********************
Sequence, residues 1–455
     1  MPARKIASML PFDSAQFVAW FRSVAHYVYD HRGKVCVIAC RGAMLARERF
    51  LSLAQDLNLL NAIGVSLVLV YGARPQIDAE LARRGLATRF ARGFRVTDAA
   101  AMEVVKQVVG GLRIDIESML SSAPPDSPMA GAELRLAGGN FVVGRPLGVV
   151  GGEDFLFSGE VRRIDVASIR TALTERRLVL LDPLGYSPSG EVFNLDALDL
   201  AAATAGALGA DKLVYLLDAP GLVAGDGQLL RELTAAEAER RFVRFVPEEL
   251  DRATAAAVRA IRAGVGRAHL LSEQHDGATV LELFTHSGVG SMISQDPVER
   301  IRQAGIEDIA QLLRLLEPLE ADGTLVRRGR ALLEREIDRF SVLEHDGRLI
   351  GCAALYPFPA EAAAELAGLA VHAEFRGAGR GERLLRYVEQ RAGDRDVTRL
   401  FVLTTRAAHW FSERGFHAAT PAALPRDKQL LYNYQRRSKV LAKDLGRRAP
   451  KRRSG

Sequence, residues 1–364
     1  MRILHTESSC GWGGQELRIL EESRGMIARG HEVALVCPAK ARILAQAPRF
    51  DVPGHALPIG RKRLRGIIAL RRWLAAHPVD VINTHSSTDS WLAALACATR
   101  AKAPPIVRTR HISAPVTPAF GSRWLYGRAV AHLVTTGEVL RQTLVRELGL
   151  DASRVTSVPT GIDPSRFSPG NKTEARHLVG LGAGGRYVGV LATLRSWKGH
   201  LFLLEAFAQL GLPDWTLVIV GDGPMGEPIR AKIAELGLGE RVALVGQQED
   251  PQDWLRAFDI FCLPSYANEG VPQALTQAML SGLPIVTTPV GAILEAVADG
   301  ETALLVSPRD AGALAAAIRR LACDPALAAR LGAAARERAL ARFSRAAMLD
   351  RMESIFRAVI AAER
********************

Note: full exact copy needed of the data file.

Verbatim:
Sequence, residues 1–455
     1  MPARKIASML PFDSAQFVAW FRSVAHYVYD HRGKVCVIAC RGAMLARERF
    51  LSLAQDLNLL NAIGVSLVLV YGARPQIDAE LARRGLATRF ARGFRVTDAA
   101  AMEVVKQVVG GLRIDIESML SSAPPDSPMA GAELRLAGGN FVVGRPLGVV
   151  GGEDFLFSGE VRRIDVASIR TALTERRLVL LDPLGYSPSG EVFNLDALDL
   201  AAATAGALGA DKLVYLLDAP GLVAGDGQLL RELTAAEAER RFVRFVPEEL
   251  DRATAAAVRA IRAGVGRAHL LSEQHDGATV LELFTHSGVG SMISQDPVER
   301  IRQAGIEDIA QLLRLLEPLE ADGTLVRRGR ALLEREIDRF SVLEHDGRLI
   351  GCAALYPFPA EAAAELAGLA VHAEFRGAGR GERLLRYVEQ RAGDRDVTRL
   401  FVLTTRAAHW FSERGFHAAT PAALPRDKQL LYNYQRRSKV LAKDLGRRAP
   451  KRRSG

Sequence, residues 1–364
     1  MRILHTESSC GWGGQELRIL EESRGMIARG HEVALVCPAK ARILAQAPRF
    51  DVPGHALPIG RKRLRGIIAL RRWLAAHPVD VINTHSSTDS WLAALACATR
   101  AKAPPIVRTR HISAPVTPAF GSRWLYGRAV AHLVTTGEVL RQTLVRELGL
   151  DASRVTSVPT GIDPSRFSPG NKTEARHLVG LGAGGRYVGV LATLRSWKGH
   201  LFLLEAFAQL GLPDWTLVIV GDGPMGEPIR AKIAELGLGE RVALVGQQED
   251  PQDWLRAFDI FCLPSYANEG VPQALTQAML SGLPIVTTPV GAILEAVADG
   301  ETALLVSPRD AGALAAAIRR LACDPALAAR LGAAARERAL ARFSRAAMLD
   351  RMESIFRAVI AAER